Ferrari in Focus

No other marque in the history of the automobile evokes the passion garnered by the Cavallino Rampante badge, otherwise known as the Prancing Horse of Ferrari.

The appetite for brute horsepower and slick lines can be traced back to the early days of company founder Enzo Ferrari, whose lust for success in motoring circles saw him build an empire that conquered all, both on the race track and at the top end of town.

Enzo was a factory driver for Alfa Romeo in the 1920s, but by the end of the decade he had created Scuderia Ferrari, a customer operation for gentlemen competitors, before taking over the works Alfa efforts in 1933, when the factory withdrew from racing.

Following a move to Marenello, the outbreak of War, and subsequent factory rebuilding efforts, Ferrari got to work on the 125 S, a 1.5-litre 12 cylinder sports car which was the first to bear the Ferrari name.

e machine was a success out of the box, claiming the Rome Grand Prix shortly after its debut in 1947, with the young brand concentrating its efforts on competition success.

While British racing cars were typically found in a dark hue of green, French cars blue, and German cars either white or unpainted silver, Ferraris proudly wore Italian red into battle, a tradition which continues to this day.

Ferrari lived his life for motorsport, and his legacy, the Scuderia Ferrari is peerless in modern racing circles.

The only outfit to have campaigned in every Word Driver’s Championship Formula 1 race contested, the squad have registered a remarkable 16 Constructor’s titles, and a total of 15 Driver’s crowns, split between luminaries such as Alberto Ascari, Juan Manuel Fangio, Mike Hawthorn, Phil Hill, John Surtees, Niki Lauda, Jody Scheckter and Kimi Raikkonen.

Michael Schumacher of course was synonymous with parking his Ferraris below the podium on a Sunday afternoon, he claimed 72 victories en route to his five World titles with the marque.

To date, the team have secured a grand total of 238 race wins, 771 podiums, 228 pole positions, 254 fastest laps and have scored 8,276.5 Championship points, with every stat a record.

They have led 15,124 F1 racing laps, 50 percent more than the next best team.

The fans of the marque, the Tifosi, are renown around the planet for their fevered support, with their passion no more evident than with a Ferrari victory on the most hallowed of circuits, Monza, the Temple of Speed.

With a reported F1 budget in excess of half a billion Euros annually, Ferrari continues to utilise motorsport as the cornerstone of their marketing efforts, with the race track success and stature transferring to showroom sales.

However, the Formula 1 team is more than just a high speed billboard, with the road car breed continuing to benefit from the trickle down of technology from the top.

For instance, the LaFerrari model’s 6.3-litre V12 is accompanied by a pair of electric motors as supplied by the race team’s electronics partner, Magneti Marelli, utilising a Kinetic Energy Recovery System, which was pioneered in racing circles from the 2009 season.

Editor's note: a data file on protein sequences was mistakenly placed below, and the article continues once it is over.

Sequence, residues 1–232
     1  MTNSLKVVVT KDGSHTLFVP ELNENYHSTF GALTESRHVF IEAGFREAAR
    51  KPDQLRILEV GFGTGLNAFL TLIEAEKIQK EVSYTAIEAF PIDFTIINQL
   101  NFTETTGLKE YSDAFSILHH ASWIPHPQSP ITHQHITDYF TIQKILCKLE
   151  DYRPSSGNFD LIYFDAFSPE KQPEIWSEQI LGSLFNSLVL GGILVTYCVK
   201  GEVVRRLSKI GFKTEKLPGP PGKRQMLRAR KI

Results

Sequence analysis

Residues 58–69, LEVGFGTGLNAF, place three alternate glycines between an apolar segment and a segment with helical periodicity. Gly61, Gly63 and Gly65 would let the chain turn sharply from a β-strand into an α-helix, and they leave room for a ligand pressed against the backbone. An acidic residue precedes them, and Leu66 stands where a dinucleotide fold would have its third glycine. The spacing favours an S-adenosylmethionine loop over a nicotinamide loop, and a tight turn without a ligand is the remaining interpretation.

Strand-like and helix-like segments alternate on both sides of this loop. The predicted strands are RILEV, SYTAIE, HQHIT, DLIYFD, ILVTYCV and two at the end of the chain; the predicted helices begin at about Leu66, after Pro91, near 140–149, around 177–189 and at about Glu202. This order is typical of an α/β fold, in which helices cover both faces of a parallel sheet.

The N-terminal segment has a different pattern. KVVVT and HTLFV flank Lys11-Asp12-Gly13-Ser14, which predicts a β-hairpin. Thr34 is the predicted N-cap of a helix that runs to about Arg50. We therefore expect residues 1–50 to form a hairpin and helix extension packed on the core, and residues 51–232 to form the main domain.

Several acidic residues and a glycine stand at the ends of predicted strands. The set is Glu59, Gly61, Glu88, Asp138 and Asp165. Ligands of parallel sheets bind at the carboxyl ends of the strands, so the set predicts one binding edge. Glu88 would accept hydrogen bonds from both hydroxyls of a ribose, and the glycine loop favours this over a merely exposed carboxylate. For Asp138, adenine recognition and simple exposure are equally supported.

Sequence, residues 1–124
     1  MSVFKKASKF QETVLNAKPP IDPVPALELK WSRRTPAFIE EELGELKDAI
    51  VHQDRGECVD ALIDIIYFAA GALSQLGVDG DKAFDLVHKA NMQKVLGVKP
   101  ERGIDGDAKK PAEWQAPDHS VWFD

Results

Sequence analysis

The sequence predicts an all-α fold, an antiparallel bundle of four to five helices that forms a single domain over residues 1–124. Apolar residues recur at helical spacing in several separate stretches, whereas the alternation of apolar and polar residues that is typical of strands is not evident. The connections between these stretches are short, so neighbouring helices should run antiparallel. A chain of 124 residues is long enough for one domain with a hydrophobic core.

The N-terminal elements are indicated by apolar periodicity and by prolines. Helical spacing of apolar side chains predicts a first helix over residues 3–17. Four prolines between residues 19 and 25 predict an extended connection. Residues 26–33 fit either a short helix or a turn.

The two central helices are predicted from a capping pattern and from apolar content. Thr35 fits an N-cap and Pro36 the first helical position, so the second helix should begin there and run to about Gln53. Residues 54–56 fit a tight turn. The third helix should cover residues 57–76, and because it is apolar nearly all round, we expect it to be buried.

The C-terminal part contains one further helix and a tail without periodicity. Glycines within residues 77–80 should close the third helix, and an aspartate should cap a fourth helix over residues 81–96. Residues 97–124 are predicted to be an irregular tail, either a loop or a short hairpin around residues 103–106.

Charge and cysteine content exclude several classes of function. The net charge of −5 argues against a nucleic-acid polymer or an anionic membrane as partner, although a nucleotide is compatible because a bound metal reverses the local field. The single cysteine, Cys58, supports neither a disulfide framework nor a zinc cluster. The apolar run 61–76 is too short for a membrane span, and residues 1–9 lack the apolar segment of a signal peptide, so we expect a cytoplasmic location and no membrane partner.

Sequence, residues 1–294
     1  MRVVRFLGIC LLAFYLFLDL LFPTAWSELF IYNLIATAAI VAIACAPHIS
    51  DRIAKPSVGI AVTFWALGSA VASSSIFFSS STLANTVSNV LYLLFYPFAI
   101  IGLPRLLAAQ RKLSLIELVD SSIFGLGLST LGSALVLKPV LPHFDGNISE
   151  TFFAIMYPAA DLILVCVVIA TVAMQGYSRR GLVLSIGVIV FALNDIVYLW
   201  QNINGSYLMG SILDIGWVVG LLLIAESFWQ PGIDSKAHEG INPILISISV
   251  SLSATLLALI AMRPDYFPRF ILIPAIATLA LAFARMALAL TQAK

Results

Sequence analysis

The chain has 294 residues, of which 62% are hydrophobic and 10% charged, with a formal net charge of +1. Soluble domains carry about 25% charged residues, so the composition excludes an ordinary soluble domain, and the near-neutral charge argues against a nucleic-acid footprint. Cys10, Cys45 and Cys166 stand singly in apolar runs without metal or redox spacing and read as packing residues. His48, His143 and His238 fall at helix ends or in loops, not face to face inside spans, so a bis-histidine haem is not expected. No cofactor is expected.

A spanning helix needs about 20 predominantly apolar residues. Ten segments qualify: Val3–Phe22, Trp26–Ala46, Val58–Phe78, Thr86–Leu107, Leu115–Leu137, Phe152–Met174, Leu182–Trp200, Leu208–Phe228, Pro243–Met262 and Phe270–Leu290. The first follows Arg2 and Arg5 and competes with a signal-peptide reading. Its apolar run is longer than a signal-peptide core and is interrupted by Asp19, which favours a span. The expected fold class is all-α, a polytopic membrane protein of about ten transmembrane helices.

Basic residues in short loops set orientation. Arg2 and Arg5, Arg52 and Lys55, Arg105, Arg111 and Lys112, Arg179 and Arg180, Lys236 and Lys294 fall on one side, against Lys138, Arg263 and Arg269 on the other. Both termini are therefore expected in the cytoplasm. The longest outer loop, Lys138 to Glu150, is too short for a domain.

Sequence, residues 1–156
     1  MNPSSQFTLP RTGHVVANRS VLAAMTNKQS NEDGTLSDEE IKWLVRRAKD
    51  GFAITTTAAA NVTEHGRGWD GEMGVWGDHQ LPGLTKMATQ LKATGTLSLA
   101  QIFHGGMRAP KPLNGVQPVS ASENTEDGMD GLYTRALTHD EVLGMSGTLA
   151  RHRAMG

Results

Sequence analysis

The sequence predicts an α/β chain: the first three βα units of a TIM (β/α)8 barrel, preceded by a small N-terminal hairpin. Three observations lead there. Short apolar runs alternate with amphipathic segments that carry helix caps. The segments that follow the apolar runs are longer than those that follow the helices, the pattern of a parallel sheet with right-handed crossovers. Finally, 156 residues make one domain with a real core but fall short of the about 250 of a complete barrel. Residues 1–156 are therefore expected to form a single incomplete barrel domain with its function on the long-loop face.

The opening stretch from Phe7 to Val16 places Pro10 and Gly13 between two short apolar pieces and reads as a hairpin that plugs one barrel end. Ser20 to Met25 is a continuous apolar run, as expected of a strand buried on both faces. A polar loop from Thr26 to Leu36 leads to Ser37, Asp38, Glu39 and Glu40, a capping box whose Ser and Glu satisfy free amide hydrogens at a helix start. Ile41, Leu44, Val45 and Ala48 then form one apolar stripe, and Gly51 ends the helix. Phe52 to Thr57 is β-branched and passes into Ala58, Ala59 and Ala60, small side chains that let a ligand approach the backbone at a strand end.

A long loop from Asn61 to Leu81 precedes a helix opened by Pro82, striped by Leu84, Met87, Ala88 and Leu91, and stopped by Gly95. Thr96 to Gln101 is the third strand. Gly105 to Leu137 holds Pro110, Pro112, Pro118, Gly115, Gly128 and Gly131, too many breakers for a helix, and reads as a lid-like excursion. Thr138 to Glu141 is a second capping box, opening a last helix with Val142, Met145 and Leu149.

High tech wizardry was far from being on the agenda in the early days of the marque, although competition triumph put the brand on the map, with victories in the 1948 Mille Miglia with a 166 S Coupe Allemano, as commanded by Clemente Biondetti and Giuseppe Navone, as well as the 1949 Le Mans 24 Hours, with a British entered 166 MM steered by Luigi Chinetti, Peter Mitchell-Thomson and Lord Selsdon claiming the win.
Early Ferrari road car derivatives of the racing breed featured bodies designed and constructed by separate styling houses, such as Pininfarina, Scaglietti, Zagato, Vignale and Bertone.

Commercially, things really started to kick off for Ferrari in the 1960s, and by the end of the decade, half of the company was sold to Fiat, despite the earlier advances made by the Ford Motor Company.

That deal fell over when Enzo realised he would lose control of his race team, which in turn saw Ford create the GT40, an effort to spite the Italian team on the race track, with the story finding its way onto the silver screen in 2019 in the Matt Damon/Christian Bale Ford v Ferrari feature film.

By 1973, the rear-mounted V8 configuration hit its stride on the production line, with leading models including the 308 GTB, the 308 GT4 and the GTS.

Like many in the automotive sphere, the 1980s proved to be a tumultuous time, with the passing of Enzo Ferrari at the age of 90 in 1988 ending an era for the brand.

By the end of the decade, Fiat had increased its stake in the business to 90%, with the remaining 10% remaining in the hands of Enzo’s son, Piero Ferrari.

The classics continued to be churned out by the Marenello artists in the mid-1980s, including the 288 GTO, considered by many to be the first Ferrari supercar, and the Testarossa, followed by the final machine overseen by company patriarch, the F40.

By 1995, the F40 had given way to the F50, which was to be replaced by the F60, although the brand was so thrilled with the car, it was instead named the Ferrari Enzo.Never a brand to let performance technology pass it by, the 2019 SF90 Stradale is the first Plug-in Hybrid Electric Vehicle to roll down the Marenello line, with the car’s 4.0-litre V8 complimented by three electric motors, which when combined produce a whopping 986hp.

Fiat Chrysler Automobiles by 2016 had spun off the Ferrari brand, with a portion of the company placed on the New York Stock Exchange.

Recent times have seen the marque capitalise on growing wealth in developing markets, with annual sales topping 10,000 cars for the first time in 2019.

The passion for the Prancing Horse only continues to be enhanced the world over with each new model released.

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